Any other caregivers of Frontotemporal Degeneration out there?

Posted by LimboLady @limbolady, Aug 12, 2011

Are there any other caregivers of Frontotemporal Degeneration out there?? I would like to start a thread for support and education.

Interested in more discussions like this? Go to the Caregivers: Dementia group.

@wbuawxman

Yes it is … but very very tentative. I'm noticing increased isolation (and desire for it), lack of motivation, memory issues when wanting to initiate something ("I have to put away the _____", and then I immediately forget to do it. Word difficulties (finding the right one) are sporadic and nothing new, though they seem to have increased to some extent. I'm becoming increasingly unable to organize tasks and as of last week changed my employment status to part-time. In the meantime, to reduce the impact of the decrease in income, I've applied for partial disability from my company-sponsored disability insurance company, which has been a chore in itself :-(.

Had a recent PET scan to look for glucose metabolism abnormalities.
Findings:
Slight asymmetric decreased metabolism in the temporal lobes, lesser extent parietal lobes as well as slight decreased frontal lobe metabolism. However, there is preserved metabolism in the precuneus and posterior cingulate gyrus. *Pattern abnormal though not typical of a specific nerve degenerative process*.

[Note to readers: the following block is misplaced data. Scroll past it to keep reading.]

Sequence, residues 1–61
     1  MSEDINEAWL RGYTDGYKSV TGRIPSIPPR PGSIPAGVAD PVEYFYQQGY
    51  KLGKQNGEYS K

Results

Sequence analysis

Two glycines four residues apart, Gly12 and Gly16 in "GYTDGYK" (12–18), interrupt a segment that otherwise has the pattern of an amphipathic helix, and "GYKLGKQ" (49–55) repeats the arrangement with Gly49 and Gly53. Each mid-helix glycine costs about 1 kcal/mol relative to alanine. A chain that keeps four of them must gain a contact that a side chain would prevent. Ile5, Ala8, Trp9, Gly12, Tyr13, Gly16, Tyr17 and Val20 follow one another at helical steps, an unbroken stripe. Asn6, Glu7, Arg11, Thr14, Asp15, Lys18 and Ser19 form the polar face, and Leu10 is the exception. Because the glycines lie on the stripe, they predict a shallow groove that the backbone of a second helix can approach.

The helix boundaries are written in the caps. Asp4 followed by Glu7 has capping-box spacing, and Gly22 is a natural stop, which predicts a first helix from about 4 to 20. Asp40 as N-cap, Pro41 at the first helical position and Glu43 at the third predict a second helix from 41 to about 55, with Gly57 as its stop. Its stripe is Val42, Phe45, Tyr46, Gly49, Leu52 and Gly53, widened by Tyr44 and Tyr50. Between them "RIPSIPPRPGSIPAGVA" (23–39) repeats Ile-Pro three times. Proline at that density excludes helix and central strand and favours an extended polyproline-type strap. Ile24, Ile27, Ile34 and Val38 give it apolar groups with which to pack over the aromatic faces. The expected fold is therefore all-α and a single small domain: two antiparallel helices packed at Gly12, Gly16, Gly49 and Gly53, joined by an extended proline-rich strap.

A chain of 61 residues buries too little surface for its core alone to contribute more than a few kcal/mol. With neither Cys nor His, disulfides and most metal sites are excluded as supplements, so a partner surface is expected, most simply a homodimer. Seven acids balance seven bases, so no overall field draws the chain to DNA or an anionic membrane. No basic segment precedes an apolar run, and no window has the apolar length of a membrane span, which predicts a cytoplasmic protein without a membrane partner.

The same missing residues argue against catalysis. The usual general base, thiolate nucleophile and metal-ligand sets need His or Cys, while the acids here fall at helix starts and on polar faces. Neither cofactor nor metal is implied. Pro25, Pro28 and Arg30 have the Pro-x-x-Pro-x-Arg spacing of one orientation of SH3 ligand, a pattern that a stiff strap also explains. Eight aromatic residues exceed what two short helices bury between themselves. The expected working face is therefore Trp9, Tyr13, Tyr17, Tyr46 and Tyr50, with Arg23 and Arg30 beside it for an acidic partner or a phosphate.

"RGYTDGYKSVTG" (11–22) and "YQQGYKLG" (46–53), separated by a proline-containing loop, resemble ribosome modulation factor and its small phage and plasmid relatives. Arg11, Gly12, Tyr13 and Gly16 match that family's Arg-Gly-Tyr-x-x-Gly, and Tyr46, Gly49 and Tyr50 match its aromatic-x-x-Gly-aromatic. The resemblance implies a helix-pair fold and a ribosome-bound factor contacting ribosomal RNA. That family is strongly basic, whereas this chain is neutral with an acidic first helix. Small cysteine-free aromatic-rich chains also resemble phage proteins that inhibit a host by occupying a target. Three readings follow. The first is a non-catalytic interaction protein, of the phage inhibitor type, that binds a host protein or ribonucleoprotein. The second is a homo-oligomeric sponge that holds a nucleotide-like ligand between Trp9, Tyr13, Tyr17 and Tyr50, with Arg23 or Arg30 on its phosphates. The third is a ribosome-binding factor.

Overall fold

Brain volume: Brain volume is normal for age (ed. which seems to contradict findings from 2016).

Additional findings: No significant low dose CT findings.

IMPRESSION: Abnormal FDG uptake in the brain, however pattern is not characteristic of a particular neurodegenerative disease.

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Just a thought as my husband had Fronto-temporal degeneration (FTD). Several of the symptoms you are describing sound a great deal like symptoms many experience in the early onset of FTD. You can look at information at the AFTD.org website.

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@wbuawxman